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    Okay thanks, but I can't give Cop A a brother, it just complicates the plot and Cop A's character development. I need it to be a friend but no blood relation if I can get that to work.
     
  15. B93
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    B93 Active Member

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    "I can't give Cop A a brother"

    I said give Cop B a brother.
     
  16. Ryan Elder
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    Ryan Elder Contributing Member

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    Oh sorry. Well I was thinking about my story and where I need it go. I need to have a whole team of cops working together to get the gangsters, but by illegal means. I need at least five posssibly to have the ending go the way I want. But they don't have to kill the villains, if not be. What if I wrote it so that a group of cops who wants justice for Cop B, tells the captain that they know that the gang will be committing a crime soon which they can be caught in the act for and busted?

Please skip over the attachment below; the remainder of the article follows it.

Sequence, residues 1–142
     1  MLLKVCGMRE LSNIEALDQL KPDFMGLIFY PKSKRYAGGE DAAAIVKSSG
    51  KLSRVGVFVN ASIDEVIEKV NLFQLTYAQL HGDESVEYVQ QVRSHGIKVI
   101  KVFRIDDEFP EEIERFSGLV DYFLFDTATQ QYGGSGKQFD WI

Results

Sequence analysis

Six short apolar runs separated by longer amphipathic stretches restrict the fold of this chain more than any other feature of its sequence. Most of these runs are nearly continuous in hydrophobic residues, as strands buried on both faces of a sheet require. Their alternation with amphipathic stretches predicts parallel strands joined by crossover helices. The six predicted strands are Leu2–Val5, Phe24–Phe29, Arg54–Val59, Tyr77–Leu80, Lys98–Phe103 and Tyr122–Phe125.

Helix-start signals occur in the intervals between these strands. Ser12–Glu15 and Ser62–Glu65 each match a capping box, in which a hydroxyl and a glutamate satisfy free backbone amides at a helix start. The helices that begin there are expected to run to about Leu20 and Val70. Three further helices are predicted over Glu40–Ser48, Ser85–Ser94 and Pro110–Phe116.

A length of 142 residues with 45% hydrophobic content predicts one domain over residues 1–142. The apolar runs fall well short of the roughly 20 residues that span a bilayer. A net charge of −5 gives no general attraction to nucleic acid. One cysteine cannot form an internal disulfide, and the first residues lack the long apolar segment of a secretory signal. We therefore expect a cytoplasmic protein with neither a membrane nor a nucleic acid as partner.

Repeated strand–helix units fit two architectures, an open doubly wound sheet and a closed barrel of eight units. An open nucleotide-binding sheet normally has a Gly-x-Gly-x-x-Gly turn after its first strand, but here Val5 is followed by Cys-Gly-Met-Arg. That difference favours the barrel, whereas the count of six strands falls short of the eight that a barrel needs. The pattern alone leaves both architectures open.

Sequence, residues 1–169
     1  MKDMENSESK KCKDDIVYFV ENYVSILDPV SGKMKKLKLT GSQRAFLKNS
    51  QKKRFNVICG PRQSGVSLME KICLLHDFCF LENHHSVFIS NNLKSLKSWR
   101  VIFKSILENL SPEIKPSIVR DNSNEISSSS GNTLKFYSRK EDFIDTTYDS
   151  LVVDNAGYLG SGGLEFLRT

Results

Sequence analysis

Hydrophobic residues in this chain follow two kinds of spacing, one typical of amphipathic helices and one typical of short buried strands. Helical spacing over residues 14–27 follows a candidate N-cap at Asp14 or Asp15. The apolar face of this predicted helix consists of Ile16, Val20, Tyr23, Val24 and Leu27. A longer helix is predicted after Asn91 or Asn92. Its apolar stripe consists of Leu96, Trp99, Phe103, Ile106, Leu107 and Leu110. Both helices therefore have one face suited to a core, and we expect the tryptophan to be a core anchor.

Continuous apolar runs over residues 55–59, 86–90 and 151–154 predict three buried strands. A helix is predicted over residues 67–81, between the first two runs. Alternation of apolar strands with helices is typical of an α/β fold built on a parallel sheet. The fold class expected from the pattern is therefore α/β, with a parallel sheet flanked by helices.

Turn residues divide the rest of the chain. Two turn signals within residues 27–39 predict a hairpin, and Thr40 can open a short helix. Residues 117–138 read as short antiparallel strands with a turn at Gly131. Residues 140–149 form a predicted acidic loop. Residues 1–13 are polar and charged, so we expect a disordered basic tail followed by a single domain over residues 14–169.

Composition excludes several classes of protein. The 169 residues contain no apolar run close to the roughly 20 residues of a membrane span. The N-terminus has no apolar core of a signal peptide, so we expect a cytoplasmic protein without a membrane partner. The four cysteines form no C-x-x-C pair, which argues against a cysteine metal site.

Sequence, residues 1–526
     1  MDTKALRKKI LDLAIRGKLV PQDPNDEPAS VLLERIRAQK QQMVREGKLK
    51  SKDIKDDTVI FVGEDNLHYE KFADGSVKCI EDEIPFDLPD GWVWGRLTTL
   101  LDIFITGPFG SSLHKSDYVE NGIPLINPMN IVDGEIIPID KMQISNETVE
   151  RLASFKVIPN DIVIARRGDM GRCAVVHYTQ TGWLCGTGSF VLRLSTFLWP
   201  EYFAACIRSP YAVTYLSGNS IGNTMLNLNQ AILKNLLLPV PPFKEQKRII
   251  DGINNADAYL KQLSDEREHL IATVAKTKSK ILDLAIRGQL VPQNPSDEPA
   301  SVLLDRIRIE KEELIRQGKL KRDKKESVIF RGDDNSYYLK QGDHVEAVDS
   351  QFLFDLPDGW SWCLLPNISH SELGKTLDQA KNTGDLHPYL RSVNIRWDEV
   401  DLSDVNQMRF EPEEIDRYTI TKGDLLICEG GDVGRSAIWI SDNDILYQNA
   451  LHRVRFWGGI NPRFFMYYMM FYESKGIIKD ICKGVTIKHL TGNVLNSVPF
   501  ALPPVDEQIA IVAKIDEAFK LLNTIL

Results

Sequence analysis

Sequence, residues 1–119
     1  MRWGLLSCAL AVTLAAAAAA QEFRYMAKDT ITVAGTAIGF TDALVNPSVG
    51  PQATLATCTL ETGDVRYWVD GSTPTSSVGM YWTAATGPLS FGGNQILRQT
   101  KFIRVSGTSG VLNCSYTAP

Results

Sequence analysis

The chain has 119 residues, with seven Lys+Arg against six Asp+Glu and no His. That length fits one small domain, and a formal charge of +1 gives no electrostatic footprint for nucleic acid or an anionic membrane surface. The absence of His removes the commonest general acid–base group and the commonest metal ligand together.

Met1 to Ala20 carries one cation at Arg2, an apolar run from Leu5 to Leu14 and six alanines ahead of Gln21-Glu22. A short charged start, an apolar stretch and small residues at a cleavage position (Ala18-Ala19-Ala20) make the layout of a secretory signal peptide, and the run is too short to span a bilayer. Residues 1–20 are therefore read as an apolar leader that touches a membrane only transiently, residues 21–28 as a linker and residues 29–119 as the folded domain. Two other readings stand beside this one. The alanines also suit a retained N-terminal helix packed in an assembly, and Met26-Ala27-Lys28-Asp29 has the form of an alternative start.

They tell the captain, "nevermind how we know this information, we just need your help to get a sting authorized, and to help it be successful, after it's over". They also tell him that they cannot tell him in advance when the crime will happen, but will tell the captain when it will happen, soon before it does, so they will have justification to execute the sting on a moment's notice, cause if they tell the captain in advance when it will happen, then it's not in their best interest in case the captain is not in for it. Will this be a better appproach to get the captain involved, or is this not convincing either?
     
    Last edited: Apr 21, 2015
  17. ChickenFreak
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    ChickenFreak Contributing Member Contributor